Academic journal article Current Politics and Economics of the United States, Canada and Mexico

Earmarks Executive Order: Legal Issues *

Academic journal article Current Politics and Economics of the United States, Canada and Mexico

Earmarks Executive Order: Legal Issues *

Article excerpt

INTRODUCTION

On January 29, 2008, President George W. Bush signed Executive Order 13,457, "Protecting American Taxpayers from Government Spending on Wasteful Earmarks." [1] The order states that it is the policy of the federal government "to be judicious in the expenditure of taxpayer dollars." In order "[t]o ensure the proper use of taxpayer funds," the order provides that the number and cost of earmarks should be reduced, that their origin and purposes should be transparent, and that they should be included in the text of bills voted upon by Congress and presented to the President.[2] For appropriations laws and other legislation enacted after the date of the order, it directs executive agencies not to commit, obligate, or expend funds on the basis of earmarks included in any non-statutory source, including requests in reports of committees of Congress or other congressional documents or communications on behalf of Members of Congress, or any other non-statutory source, except when required by law or when an agency itself has determined that a project, program, grant, or other transaction has merit under statutory criteria or other merit-based decision-making [3]

Under the executive order, an "agency" is an executive agency defined in section 105 of title 5 of the United States Code and includes the United States Postal Service and the Postal Regulatory Commission, but excludes the Government Accountability Office [4] This section states that an "executive agency" means a "department, a government corporation, and an independent establishment." An "independent establishment" is defined in section 104 of title 5 [5]

An "earmark" in the executive order means

funds provided by Congress for projects, programs, or grants where the purported congressional direction (whether in statutory text, report language, or other communication) circumvents otherwise applicable merit-based or competitive allocation processes, or specifies the location or recipient, or otherwise curtails the ability of the executive branch to manage its statutory and constitutional responsibilities pertaining to the funds allocation process [6]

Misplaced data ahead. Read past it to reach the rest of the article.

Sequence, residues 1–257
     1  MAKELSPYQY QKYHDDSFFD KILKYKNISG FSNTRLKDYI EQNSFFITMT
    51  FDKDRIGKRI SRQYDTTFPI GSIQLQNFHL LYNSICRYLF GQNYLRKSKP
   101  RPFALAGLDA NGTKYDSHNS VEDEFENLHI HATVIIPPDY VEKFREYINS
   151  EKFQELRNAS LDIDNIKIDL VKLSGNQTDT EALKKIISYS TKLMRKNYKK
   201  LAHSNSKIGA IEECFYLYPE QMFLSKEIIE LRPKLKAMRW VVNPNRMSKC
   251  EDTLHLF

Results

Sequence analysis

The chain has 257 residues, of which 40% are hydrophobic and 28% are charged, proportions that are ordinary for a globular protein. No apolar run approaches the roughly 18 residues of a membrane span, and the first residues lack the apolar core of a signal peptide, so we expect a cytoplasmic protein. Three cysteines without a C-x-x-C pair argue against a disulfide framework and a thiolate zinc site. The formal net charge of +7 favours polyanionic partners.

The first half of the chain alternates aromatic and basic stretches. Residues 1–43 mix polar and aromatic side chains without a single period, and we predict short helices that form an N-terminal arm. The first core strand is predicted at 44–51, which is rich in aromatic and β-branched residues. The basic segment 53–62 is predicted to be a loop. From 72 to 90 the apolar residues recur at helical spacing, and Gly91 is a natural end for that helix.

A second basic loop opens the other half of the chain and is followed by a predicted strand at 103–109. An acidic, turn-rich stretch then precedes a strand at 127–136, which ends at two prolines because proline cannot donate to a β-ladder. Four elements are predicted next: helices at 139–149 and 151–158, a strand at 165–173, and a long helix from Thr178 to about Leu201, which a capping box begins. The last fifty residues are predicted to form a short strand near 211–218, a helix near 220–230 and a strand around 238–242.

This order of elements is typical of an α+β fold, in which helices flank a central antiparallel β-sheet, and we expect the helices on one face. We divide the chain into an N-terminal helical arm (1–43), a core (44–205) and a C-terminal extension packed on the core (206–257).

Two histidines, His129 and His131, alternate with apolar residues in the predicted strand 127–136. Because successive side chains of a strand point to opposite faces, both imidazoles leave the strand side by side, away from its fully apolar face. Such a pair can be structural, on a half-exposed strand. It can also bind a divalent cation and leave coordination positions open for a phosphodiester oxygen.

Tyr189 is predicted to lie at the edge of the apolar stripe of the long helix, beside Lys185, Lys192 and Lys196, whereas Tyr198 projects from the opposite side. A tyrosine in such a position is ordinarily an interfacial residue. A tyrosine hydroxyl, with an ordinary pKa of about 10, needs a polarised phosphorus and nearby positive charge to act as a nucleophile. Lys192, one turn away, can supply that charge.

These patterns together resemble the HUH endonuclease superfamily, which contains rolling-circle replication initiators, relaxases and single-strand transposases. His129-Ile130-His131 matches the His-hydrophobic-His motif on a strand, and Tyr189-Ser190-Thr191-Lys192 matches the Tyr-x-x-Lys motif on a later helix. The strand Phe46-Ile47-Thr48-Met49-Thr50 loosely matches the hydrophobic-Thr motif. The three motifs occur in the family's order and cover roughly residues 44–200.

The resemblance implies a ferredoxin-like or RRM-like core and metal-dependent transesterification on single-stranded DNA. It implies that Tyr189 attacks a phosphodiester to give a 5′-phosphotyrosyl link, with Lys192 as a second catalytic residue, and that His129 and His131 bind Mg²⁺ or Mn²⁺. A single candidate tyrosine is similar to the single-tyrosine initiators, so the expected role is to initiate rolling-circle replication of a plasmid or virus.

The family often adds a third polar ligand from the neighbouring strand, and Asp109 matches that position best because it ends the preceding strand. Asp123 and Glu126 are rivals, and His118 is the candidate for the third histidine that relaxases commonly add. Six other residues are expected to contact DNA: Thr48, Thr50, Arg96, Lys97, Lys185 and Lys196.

The executive order identifies four duties of agency heads relating to earmarks. With respect to all appropriations laws and other legislation enacted after the date of the order, it directs the each agency head to take all necessary steps to ensure, first, that

(1) agency decisions to commit, obligate, or expend funds for any earmark are based on the text of laws, and are not based on language in any congressional committee report, joint explanatory statement of a committee of conference, statement of managers concerning a bill in Congress, or any other non-statutory statement or indication of views of Congress or a House of Congress, committee, Member, officer, or staff thereof;

(2) agency decisions to commit, obligate, or expend funds for any earmark are based on authorized, transparent, statutory criteria and merit-based decisionmaking, in the manner set forth in section II of Office of Management and Budget (OMB) Memorandum M-07-10, dated February 15, 2007, [7] to the extent consistent with applicable law; and

(3) no oral or written communications concerning earmarks shall supersede statutory criteria, competitive awards, or merit-based decisionmaking.[8]

Second, the executive order provides that an agency shall not consider the views of a House of Congress, committee, Member, officer, or staff of Congress with respect to commitments, obligations, or expenditures to carry out any earmark unless such views are in writing, to facilitate consideration in accordance with the requirement to base spending decisions on authorized, transparent statutory criteria and merit-based decision making to the extent consistent with applicable law. All written communications from Congress, a House of Congress, committee, Member, officer, or staff thereof, recommending that funds be committed, obligated, or expended on any earmark shall be made publicly available on the Internet by the receiving agency, not later than 30 days after such communication is received, unless otherwise specifically directed by the agency head, without delegation, after consulting with the OMB Director, to preserve appropriate confidentiality between the executive and legislative branches [9] Third, it requires that agency heads otherwise shall implement within their respective agencies the policy set forth in § 1 of the executive order consistent with any instructions that the Director of OMB may prescribe [10] The fourth duty is to provide to the OMB Director any information about earmarks and compliance with the executive order that the Director requests [11]. …

Search by... Author
Show... All Results Primary Sources Peer-reviewed

Oops!

An unknown error has occurred. Please click the button below to reload the page. If the problem persists, please try again in a little while.